Natural Gas – Conversions, Vehicles and Technology

Congressmen Call For Fair Taxes On Alt Fuels

March 27, 2015

A bi-partisan group of congressmen seeking a fair excise tax on liquefied natural gas and propane introduced the Alternative Fuel Tax Parity Actwas on Thursday. Reps. Todd Young (R-IN), John Larson (D-CT), Mac Thornberry (R-TX), and Ron Kind (D-WI) jointly authored the bill.

The legislation would ensure that excise taxes on LNG and propane for highway use would be levied at a rate consistent with energy output relative to diesel and gasoline. Because natural gas and propane have lower energy output per gallon than diesel and gasoline, many have called a per gallon tax, unfair to the alternative fuel industry.

“As we see more and more alternative fuel service stations popping up around my district and the country, it’s important that we ensure inequitable tax rates don’t discourage consumers from adopting alternative fuel vehicles,” said Young. “This bill is an easy way to ensure a level playing field for this burgeoning sector of our economy.”

LNG produces 58% of the energy output per gallon as diesel fuel but is taxed at the same 24.3 cents per gallon rate. Propane has 72% of the energy output of gasoline but again is charged at the same 18.3 cents per gallon rate.

By those numbers, LNG is taxed at a rate 70% higher than diesel fuel on an energy content basis which makes the fuel type prohibitively expensive to adopt for businesses, according to the alternative fuels advocacy group NGVAmerica. The group sees this legislation as a signal that Congress is interested in removing obstacles standing in the way of further natural gas adoption.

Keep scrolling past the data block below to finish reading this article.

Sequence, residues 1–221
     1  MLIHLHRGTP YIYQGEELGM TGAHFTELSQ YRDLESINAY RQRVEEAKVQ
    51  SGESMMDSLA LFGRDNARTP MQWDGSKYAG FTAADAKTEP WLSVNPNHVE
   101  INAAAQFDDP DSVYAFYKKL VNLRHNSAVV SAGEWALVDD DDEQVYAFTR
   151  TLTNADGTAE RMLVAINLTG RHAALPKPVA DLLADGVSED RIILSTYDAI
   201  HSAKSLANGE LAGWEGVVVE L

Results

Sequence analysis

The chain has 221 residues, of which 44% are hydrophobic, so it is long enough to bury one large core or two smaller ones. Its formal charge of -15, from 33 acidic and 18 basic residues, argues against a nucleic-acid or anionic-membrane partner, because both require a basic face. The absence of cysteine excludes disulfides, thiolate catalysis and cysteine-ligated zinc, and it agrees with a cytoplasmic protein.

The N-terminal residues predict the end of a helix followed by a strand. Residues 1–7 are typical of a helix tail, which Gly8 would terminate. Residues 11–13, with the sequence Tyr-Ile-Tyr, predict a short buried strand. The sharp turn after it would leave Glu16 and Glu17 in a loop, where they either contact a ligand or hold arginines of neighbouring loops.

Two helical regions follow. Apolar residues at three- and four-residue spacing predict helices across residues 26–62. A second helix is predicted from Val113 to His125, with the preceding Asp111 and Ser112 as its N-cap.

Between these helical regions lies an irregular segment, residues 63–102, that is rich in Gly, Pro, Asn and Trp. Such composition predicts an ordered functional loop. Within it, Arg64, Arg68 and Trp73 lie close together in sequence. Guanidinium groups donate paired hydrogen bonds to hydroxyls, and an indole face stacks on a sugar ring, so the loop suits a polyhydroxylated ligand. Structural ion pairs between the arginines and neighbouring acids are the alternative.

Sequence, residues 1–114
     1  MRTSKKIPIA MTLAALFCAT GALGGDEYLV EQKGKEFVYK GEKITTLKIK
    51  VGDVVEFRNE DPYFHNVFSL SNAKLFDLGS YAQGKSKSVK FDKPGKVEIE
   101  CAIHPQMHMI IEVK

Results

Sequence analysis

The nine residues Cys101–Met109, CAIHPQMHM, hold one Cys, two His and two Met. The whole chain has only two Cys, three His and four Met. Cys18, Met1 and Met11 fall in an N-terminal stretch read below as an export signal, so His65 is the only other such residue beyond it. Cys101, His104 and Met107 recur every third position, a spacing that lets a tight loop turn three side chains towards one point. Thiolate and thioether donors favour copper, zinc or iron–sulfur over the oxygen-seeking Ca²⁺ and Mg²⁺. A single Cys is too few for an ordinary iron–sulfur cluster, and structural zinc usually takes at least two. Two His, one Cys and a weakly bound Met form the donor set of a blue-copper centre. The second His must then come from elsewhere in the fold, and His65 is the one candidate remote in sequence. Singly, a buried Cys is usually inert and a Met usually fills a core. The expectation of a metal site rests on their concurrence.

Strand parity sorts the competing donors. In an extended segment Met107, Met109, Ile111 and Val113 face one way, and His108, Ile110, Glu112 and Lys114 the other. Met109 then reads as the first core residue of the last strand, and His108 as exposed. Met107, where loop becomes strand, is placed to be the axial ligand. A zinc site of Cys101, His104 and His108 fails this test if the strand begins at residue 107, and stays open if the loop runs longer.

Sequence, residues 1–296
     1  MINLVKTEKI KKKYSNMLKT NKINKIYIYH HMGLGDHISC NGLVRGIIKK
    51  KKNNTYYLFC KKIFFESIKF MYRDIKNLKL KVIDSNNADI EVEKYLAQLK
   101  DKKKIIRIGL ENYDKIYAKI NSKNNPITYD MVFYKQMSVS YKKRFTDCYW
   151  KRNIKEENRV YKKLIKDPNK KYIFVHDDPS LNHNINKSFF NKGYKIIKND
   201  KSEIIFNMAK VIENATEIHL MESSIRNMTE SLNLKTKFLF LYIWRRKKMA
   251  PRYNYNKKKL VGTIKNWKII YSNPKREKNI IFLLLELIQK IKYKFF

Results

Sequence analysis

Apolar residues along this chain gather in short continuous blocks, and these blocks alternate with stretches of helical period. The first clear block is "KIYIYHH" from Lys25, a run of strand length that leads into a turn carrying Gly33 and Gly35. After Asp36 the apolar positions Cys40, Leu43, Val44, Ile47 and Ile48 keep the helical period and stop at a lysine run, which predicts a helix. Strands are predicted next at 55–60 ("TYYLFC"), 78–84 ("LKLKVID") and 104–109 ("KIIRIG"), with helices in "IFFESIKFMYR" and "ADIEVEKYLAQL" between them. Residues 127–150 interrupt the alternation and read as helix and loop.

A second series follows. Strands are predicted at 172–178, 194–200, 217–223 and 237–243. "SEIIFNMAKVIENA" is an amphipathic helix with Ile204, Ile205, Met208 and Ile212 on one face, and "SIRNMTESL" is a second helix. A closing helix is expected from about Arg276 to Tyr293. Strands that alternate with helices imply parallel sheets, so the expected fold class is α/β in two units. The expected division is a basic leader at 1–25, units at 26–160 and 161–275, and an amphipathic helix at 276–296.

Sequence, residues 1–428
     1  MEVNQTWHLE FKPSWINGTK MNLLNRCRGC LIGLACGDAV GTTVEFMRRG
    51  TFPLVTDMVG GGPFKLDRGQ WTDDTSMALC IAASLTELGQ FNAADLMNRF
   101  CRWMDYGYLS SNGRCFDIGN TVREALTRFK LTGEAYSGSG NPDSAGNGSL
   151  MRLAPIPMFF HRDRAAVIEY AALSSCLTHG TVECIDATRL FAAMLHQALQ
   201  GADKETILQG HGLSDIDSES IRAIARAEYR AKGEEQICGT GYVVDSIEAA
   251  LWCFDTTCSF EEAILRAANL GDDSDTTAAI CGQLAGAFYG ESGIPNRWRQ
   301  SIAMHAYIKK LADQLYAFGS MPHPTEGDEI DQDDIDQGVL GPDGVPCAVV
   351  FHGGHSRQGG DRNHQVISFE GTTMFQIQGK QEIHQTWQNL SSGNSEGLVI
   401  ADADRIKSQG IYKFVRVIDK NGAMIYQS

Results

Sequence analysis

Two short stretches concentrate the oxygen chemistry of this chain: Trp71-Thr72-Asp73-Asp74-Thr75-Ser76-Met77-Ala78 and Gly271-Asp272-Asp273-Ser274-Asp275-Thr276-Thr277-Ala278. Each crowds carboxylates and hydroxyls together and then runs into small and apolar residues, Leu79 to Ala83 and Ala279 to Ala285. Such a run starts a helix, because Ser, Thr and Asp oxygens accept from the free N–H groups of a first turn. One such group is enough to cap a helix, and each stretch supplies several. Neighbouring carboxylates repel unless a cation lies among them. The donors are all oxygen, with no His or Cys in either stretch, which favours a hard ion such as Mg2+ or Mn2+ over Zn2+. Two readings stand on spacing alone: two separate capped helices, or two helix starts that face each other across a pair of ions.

“The introduction of this bill demonstrates continued support in the Congress for natural gas as a transportation fuel,” said Matthew Godlewski president of NGVAmerica.  “Reps. Young, Larson, Thornberry and Kind recognize the important role that clean-burning, domestic natural gas can play in improving our air and supporting American jobs at home.”


  1. 1. Dennis O. Taylor [ March 30, 2015 @ 06:38AM ]

    The "simple" answer is to tax all transport fuels by the pound (mass). Of course, that would mean changing all of the Diesel fueling stations as well. The industry already went all around that argument with the Diesel fuel temperature dispute.
    Surely there is an equitable conversion between the various fuels; especially with natural gas, which can be dispensed as liquid or as compressed gas. What about electricity for the various hybrid arrangements? How many watts/gallon (not counting conversion efficiency). Perhaps the answer is to tax the miles driven - after all, isn't the purpose of the tax to support the infrastructure? The road(s) don't care what kind of fuel is used to propel the vehicle.

  2. 2. Ralph [ March 30, 2015 @ 07:21AM ]

    FET is only one tax on fuel and the only one that CNG and Propane are required to pay an "equal" share.
    Those fuel are treated "favorably" by all other "road taxes."
    So by all means let's have "fair " treatment of ALL "road fuels"
    Including CNG, LNG, Propane, Electric, as well as Diesel and Gasoline.
    As Dennis said, "the roads don't care what type of fuel is used"


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